Cut yourself out of complicity from a system of white supremacy which consigns black bodies and lives beyond the confines of humanity and dignity because black lives DO matter.

20200126_163750-2
[Photo taken in Harlem, January 2020]

 

-Hafsa Khawaja

9 comments on “Confronting Anti-Blackness in Pakistan

  1. Flower says:

    So proud of u for writing dis. Keep it up.

  2. S. Ayub says:

    Great read!

    The presence of African community is rising in our country as well and it never hurts to learn about these cultural nuances and be respectful. Black life surely matters.

    • Thank you for reading this! Clinging onto internalized ideas which dehumanize and devalue other lives is as deeply harmful as it gets, but it definitely does not hurt for us to unlearn and then learn to be and do better.

  3. Zawar Hakeem says:

    Lately been watching netflix documentaries on Black history… and it certainly is a shocker to how our perceptions were built against the black community over the years through movies and serials….. Well written article Hafsa. Change is evident and we need to act upon greater acceptance of all by being educated enough to carry out our own research before blaming the other.

    • Yes! Anti-blackness and even negative stereotypes about black people are widespread across media, especially movies and serials which are then consumed by a large mass of people.

      Thank you for reading, Zawar! We certainly need to re-educate ourselves, which may not be easy but which also isn’t impossible.

  4. Mahmood Ahmad Malik says:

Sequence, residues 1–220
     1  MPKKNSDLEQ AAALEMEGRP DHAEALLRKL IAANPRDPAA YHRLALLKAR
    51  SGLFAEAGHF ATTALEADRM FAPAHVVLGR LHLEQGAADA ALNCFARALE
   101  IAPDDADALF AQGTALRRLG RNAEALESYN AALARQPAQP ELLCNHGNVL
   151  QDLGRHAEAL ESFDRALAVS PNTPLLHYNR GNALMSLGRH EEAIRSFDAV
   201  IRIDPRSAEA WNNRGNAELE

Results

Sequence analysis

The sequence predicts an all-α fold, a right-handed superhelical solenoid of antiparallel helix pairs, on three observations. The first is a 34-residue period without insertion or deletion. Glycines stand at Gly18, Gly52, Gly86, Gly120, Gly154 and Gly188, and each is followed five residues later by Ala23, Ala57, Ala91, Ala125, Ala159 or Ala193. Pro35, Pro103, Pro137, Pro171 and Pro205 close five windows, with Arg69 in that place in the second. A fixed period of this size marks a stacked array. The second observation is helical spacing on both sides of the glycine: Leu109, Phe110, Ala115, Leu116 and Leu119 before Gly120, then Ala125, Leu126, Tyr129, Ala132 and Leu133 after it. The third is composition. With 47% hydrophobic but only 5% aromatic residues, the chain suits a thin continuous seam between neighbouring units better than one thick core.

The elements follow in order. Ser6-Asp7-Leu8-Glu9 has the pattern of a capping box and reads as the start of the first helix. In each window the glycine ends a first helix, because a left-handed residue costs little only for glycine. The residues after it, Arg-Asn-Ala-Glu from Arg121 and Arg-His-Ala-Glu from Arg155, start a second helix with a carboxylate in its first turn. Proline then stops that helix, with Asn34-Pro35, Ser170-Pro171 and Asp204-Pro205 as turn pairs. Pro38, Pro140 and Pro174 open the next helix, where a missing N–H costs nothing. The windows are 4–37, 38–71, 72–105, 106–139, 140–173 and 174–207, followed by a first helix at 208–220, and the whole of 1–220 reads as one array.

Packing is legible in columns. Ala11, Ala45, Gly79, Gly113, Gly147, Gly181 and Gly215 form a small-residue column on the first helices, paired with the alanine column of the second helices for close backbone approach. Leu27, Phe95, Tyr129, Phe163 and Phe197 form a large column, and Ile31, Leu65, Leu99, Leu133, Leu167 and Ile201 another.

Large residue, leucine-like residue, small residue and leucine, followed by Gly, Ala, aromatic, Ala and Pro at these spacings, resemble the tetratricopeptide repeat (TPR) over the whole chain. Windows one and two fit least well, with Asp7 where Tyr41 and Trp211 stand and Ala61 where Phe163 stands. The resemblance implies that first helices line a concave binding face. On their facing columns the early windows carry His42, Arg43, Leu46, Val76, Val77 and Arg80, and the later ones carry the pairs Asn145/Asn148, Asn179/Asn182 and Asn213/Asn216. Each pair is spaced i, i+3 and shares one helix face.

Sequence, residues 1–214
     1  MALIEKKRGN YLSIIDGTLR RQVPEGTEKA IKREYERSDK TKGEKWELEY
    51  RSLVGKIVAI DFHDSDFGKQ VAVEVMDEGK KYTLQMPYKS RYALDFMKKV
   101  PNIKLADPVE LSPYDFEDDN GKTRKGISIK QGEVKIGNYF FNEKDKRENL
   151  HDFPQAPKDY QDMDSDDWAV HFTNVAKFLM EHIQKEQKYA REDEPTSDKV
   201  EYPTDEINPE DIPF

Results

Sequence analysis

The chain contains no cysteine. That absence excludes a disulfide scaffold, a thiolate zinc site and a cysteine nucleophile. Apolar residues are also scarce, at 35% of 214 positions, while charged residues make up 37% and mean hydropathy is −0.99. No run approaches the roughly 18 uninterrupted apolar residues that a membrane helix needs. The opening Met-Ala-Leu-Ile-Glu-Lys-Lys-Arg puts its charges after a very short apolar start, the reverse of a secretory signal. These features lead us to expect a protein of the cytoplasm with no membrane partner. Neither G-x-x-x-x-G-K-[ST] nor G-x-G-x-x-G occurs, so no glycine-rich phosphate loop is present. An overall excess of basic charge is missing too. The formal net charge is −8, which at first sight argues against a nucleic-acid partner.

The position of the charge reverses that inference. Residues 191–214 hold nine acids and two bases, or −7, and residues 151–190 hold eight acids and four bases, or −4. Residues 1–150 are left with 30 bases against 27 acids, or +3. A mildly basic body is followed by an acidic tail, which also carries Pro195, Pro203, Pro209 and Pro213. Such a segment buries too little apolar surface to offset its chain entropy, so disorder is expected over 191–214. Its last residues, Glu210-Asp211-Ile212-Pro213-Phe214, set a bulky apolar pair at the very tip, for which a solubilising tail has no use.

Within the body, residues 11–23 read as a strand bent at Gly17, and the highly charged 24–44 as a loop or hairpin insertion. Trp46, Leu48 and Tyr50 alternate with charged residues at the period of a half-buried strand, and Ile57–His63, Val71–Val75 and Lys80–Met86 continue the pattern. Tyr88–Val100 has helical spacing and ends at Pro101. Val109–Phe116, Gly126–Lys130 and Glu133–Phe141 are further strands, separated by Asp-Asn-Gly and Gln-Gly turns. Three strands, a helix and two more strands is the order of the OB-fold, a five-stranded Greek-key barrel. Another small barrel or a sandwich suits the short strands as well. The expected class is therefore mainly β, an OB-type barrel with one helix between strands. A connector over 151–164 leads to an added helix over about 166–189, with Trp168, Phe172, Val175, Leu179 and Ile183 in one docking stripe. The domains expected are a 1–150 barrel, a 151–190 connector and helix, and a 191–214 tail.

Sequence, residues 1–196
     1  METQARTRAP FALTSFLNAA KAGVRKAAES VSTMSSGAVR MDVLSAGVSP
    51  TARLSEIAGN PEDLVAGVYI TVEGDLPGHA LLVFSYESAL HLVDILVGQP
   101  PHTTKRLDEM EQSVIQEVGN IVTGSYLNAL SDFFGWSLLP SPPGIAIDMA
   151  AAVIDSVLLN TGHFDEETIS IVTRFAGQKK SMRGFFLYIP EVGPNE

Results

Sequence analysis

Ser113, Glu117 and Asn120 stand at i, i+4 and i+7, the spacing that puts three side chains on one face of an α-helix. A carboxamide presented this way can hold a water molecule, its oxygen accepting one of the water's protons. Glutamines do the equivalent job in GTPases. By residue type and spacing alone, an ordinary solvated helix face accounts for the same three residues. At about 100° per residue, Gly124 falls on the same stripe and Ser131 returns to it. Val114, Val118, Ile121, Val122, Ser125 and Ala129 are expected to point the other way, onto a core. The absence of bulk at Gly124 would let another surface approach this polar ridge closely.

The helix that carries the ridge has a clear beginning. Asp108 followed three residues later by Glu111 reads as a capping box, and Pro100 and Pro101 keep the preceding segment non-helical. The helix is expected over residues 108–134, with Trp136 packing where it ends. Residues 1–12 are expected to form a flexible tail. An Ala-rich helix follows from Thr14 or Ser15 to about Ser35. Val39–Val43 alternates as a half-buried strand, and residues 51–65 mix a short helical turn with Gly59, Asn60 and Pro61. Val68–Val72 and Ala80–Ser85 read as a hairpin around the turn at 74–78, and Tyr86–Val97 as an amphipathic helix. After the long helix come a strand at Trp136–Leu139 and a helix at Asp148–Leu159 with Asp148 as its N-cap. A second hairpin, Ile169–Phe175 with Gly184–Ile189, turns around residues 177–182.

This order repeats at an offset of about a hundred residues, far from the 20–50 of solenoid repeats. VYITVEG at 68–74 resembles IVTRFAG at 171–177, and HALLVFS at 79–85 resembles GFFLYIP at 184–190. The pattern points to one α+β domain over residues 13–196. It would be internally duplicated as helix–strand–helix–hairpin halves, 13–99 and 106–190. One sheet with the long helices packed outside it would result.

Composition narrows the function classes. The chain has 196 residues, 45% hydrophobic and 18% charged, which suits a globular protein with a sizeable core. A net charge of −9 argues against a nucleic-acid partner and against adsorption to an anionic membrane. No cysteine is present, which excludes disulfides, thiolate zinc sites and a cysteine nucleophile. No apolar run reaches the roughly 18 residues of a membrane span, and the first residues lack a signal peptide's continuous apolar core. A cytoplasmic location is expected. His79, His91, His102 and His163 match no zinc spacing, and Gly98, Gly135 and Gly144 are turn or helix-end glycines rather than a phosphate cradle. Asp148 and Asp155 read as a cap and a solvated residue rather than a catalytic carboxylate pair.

Assalamo Alekum! I found this blog to be enlightening and educating. Cheers for having changed your own attitude towards a community. Then you are also trying to educate and convince others not to use terms and phrases that a community considers to be racist and derogatory for them in any sense. Rightly you have pointed out that Islam teaches this philosophy. Holy Prophet (pbuh)’s address at Hajjatul Widah is a magna carta for Muslims for all times to come. No superiority on the basis of caste or colour or creed. At the time of Meccan conquest, Holy Prophet sallalaho alehe wa sallam declared amnesty for all those who took refuge under Hazrat Bilal’s flag. This was a lesson for the Meccans. Bilal was the one whom the Meccans had tried to disgrace and dishonor. They persecuted him a lot. Now Islam had given honour and respect to the same Bilal that nearness to him would provide peace and amnesty to the Meccans who had been looking down upon him. This was a an appeasement for Hazrat Bilal too who had suffered a lot and dragged on the streets of Mecca. May I please with due respect, point to the hatred campaign in Pakistan against one community. This is about Ahmadis. We Ahmadis proclaim the Kalima and believe in and practice all the 5 tenets of Islam and 6 fundamentals of deen. But day in day out we have to bear an unending hate campaign. Those who know, know that Ahmadis played their role in the making of Pakistan and in its development and defence. We face this persecution in the name of religion from those who claim that they love Holy Prophet Muhammad sallalaho alehe wa sallam. But the Mercy for Mankind didn’t ever endorse or give this teaching. Tragic most part is that this persecution is state institutionalised. Sorry, for the digression. In the end once again I congratulate you for writing a very useful blog that is in conformity with the highest values taught to us.